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Helmut Markwort’s Journal: The way Wagenknecht, Maaßen, and Aiwanger are stirring up Germany


Once again, a new party is announced. The members of the WerteUnion have decided to depart from the CDU and establish a new party under their name. Hans-Georg Maaßen, the former head of the Federal Office for the Protection of the Constitution, is set to lead the party. His party intends to participate in the state elections in Thuringia and Saxony, just like the group of Sahra Wagenknecht and the Free Voters led by Hubert Aiwanger. The prospects of success are difficult to assess. After all, the Free Voters have left the “Others” in the polls and are currently rated at three percent nationwide.

Also in the new edition:
Trump’s Shadow: The spectacular rise and fall of Rudy Giuliani
State Crisis or Chancellor Crisis? Why the Scholz project is on the verge of failing for good
FDP, it’s not working anymore! The former party leader of Saxony on his resignation

Whether they enter parliaments or not, they will take away voters from other parties and thus shift the balance. Aiwanger can make gains from the CSU and also gather sympathies from disappointed Liberals. Maaßen’s WerteUnion, positioned between the CDU and AfD, can score in both groups. His statement of not ruling out coalitions with the AfD could bring him switchers.

Sahra Wagenknecht is expected to attract Eastern Germans who want to protest and express frustration by voting for the AfD. However, she will certainly heavily damage her former party Die Linke. Already, communal factions and entire local associations are switching to her. The transition of the left-wing mayor of Eisenach in Thuringia is perceived by many as a sign. Bodo Ramelow, the left-wing Minister President in Erfurt, could lose so many votes that his CDU rival Mario Voigt succeeds him. And here’s a speculative calculation model: If many parties end up below five percent, Björn Höcke and his AfD could emerge victorious and he himself might even become the Minister President.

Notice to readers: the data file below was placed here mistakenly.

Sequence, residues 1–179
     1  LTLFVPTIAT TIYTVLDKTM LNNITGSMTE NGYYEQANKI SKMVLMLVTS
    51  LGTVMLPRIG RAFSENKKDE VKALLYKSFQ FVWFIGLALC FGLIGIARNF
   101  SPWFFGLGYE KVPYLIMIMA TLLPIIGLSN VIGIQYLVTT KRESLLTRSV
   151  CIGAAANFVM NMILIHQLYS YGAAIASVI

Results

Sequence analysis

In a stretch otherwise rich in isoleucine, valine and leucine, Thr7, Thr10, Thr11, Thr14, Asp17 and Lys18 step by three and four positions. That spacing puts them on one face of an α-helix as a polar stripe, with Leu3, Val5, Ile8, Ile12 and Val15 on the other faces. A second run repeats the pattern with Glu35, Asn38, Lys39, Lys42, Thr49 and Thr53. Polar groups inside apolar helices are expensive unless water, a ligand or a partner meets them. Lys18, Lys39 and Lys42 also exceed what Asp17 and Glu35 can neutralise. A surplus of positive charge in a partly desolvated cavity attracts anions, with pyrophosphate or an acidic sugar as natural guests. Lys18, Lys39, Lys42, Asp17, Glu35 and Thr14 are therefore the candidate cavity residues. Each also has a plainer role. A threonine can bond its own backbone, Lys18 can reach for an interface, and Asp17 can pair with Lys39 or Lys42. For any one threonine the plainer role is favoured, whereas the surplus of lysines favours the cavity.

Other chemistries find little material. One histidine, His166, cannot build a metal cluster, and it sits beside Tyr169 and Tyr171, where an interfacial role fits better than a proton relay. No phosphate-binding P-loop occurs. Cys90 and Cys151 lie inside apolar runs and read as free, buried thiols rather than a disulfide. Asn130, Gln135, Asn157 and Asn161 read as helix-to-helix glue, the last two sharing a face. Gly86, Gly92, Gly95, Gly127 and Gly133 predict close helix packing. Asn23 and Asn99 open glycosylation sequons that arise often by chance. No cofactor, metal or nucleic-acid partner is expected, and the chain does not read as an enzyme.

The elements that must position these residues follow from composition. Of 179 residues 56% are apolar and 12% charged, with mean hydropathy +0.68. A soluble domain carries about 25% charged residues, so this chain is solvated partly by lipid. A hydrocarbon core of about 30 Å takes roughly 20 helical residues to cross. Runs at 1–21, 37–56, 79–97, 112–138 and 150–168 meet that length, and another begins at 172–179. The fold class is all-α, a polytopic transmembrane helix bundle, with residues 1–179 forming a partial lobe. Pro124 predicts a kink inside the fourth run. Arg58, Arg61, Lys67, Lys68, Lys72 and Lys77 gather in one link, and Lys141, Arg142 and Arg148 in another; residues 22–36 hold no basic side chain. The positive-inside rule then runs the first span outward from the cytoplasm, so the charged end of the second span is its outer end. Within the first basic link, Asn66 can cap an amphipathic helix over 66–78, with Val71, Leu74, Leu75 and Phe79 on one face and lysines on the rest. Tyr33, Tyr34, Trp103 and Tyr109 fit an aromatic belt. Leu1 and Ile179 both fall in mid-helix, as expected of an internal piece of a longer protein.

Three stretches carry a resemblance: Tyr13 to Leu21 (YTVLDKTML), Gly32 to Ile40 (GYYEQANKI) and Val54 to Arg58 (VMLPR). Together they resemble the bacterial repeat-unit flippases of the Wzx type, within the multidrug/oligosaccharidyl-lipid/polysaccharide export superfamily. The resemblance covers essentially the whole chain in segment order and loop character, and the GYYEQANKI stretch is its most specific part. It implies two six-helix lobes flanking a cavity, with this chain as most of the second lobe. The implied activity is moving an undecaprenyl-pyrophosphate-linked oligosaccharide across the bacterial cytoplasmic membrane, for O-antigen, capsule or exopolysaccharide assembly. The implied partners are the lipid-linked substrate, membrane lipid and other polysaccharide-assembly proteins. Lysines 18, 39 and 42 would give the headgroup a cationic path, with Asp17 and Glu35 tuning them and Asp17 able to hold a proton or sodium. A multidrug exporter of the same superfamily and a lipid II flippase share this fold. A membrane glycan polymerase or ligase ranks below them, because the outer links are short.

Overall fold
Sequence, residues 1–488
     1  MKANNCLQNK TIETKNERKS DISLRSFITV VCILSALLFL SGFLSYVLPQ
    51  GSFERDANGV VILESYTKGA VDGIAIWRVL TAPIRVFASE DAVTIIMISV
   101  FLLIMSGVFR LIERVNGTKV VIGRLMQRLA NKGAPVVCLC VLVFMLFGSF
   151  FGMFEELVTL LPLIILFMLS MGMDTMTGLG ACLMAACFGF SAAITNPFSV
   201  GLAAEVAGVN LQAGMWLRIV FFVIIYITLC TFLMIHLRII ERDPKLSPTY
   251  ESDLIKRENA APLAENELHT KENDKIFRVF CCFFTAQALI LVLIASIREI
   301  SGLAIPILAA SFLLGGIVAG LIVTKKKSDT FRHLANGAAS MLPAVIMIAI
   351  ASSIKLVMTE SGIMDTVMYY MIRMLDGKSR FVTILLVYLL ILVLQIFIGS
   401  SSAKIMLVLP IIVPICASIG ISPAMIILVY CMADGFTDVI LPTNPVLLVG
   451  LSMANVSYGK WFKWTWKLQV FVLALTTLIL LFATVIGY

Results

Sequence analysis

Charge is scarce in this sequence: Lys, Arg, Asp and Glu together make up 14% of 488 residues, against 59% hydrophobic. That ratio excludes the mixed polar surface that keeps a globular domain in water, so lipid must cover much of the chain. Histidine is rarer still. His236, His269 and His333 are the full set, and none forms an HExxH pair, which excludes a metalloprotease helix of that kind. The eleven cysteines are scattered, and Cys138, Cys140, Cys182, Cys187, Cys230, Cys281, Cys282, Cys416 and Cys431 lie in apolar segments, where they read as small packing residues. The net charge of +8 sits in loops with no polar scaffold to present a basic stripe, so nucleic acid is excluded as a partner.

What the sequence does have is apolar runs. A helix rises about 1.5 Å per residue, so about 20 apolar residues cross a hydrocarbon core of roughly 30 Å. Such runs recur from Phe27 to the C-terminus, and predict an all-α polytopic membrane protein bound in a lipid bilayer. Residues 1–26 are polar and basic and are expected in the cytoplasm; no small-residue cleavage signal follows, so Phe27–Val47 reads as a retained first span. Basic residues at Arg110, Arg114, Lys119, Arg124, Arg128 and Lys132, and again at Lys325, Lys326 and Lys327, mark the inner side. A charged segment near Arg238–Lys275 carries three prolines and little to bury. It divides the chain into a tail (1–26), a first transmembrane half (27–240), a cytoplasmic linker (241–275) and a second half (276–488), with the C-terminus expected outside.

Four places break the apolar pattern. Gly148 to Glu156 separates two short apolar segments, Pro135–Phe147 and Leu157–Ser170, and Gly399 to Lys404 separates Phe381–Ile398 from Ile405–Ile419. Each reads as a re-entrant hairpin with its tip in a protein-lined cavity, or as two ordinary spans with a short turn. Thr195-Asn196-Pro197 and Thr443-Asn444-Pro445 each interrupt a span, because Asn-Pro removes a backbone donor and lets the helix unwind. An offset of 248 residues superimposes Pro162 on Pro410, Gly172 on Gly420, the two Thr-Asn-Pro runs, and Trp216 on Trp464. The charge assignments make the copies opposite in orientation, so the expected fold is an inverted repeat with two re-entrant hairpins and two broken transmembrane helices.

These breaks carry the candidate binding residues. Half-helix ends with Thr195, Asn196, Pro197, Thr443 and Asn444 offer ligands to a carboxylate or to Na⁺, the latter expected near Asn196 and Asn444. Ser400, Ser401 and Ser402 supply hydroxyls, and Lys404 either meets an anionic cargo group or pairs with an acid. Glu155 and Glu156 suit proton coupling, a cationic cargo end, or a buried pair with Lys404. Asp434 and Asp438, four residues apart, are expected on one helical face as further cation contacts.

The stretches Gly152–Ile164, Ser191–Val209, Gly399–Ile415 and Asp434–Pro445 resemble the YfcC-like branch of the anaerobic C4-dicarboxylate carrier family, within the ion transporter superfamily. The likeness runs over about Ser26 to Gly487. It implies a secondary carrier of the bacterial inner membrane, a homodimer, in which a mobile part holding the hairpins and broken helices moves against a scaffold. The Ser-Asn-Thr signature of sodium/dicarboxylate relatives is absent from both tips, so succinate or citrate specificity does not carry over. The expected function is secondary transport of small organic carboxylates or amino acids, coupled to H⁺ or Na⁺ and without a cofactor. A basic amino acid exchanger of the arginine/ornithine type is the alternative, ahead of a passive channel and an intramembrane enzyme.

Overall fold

On Sunday, the Red Square in Moscow was filled with Communists. Loyal comrades had gathered to commemorate the revolutionary Lenin on the 100th anniversary of his death. They waved flags with his image and laid flowers in front of his statue.

The current Kremlin ruler Putin was not thrilled with the rally and announced on his state television that Russia had been a superpower even before Lenin. The tributes to Lenin once again bring me to the question of whether world history would have unfolded differently if the Bavarian security authorities had functioned better.

Lenin lived illegally for a year and a half with his wife and mother-in-law in Munich, under false names. In an initial apartment, provided by a Social Democrat, he went by the name Meyer. Later, he moved to Schwabing and called himself Dr. Jordanoff. Despite the fact that the czarist police were looking for him, he wrote revolutionary texts undisturbed and met with agents from many countries. The Bavarian authorities neither deported him nor imprisoned him.

A few years later, the Bavarian justice system missed the opportunity to deport the Austrian criminal, Adolf Hitler. In 1913, the two future mass murderers were even in Munich at the same time. There is evidence to suggest that they even frequented the same taverns. Lenin enjoyed Bavarian beer. Hitler was fond of strawberry pastries, as described by Klaus Mann.

FOCUS founding editor Helmut Markwort was an FDP member of the Bavarian State Parliament from 2018 to 2023.  



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